Really like your ideas Jason. Will probably pursue something along those lines... (HDRP else I'd be using microsplat already).
     
  18. trilobyteme

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    That sorted it, thanks @id0
     
  19. jbooth

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    I mean, generally cached terrain just renders out the inputs to the lighting equation and caches it in virtual texture, such that you don't need to render the full shader every frame. Unless something is animated, it should work with any shader technique that supports outputting those channels. I'll eventually port MicroSplat to HDRP, but I'm waiting for it to be more stable and demand to pick up; the LWRP module for MicroSplat sells a few copies, but nothing near the work required to port it or maintain it while Unity is changing it all the time.
     
  20. trilobyteme

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    Now that it's working, I'm trying to do some tests. I have noticed that if I change Stochastic Inputs to Albedo (from nothing) and click Apply, the 'Pre-processing textures for stochastic sampling' progress bar appears and just hangs in limbo. It effectively kills Unity, I can't save or open another scene or project, and can't even quit Unity. I have to manually force quit the Editor and start over.
     
  21. trilobyteme

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    +1 to what Jason's said.

    HDRP is still new and in flux, and for many developers (as well as content creators) it's premature to start investing the time and energy into supporting it. Once it's stable and comes out of beta, developer interest and demand will follow.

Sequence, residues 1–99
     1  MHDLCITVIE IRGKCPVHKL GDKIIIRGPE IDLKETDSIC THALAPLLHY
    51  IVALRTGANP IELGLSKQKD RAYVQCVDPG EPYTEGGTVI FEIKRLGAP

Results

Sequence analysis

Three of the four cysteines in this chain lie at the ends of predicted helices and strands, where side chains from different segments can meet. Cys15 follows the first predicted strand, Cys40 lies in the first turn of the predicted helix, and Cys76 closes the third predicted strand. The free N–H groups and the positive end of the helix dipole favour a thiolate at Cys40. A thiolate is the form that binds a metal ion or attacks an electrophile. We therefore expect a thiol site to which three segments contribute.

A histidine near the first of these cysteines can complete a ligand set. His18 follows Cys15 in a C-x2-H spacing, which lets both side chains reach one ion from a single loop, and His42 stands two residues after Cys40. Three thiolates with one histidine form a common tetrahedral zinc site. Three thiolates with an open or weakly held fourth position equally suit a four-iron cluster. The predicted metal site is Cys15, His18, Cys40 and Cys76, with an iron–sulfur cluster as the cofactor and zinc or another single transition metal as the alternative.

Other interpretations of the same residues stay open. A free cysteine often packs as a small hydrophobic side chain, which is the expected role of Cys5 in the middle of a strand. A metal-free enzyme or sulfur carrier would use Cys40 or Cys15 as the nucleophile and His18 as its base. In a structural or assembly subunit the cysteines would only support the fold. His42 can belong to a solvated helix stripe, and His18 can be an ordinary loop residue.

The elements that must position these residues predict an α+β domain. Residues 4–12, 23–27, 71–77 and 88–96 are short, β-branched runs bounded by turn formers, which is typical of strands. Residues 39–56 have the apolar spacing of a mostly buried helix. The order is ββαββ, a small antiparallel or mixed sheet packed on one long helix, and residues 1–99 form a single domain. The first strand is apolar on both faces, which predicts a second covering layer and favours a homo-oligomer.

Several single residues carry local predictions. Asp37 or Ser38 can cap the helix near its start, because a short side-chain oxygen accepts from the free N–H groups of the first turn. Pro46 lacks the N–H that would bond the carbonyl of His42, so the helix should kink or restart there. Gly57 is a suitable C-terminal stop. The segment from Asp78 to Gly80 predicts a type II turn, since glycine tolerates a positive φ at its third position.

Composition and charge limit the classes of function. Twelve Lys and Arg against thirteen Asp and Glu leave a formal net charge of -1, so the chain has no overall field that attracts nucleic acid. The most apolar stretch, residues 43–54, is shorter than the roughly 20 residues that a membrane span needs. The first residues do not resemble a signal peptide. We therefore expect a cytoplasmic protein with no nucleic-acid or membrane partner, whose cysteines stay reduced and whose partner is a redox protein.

22. cubrman

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    Just came to say that this thing looks totally badass. Great work!
     
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  23. thomasdeliot

    thomasdeliot

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    Thanks for noticing the .NET 4 requirement, that's a mistake, will fix it.

    Your bug is interesting, what size of textures are you using ? The pre-process can be minutes long for large textures (a warning should show that) with a good CPU, which might look like a stall.
     
    Last edited: Feb 15, 2019
  24. misher

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    I think it is very useful technic, I will try to use it for applications where I need to load models dynamically, as it can help to reduce the size of asset bundles or gltf files significantly.
    Here is a good example of using small textures for big surfaces and still having HD looking:
     
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  25. trilobyteme

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    I've tried with 512 textures, 1024 textures, and 2048 textures (the 1024 and 2048 were scaled down with overrides after seeing the alert message.

    It initially worked a couple times, but hasn't worked most of the time after SEVERAL hours of testing. I gave it time (in a couple cases I let it go for an hour before coming back. Activity monitor does not indicate that Unity's busy doing much, giving me the impression that it's stalling or failing. I'm on a 12-core Xeon 2.7GHz with 64GB RAM.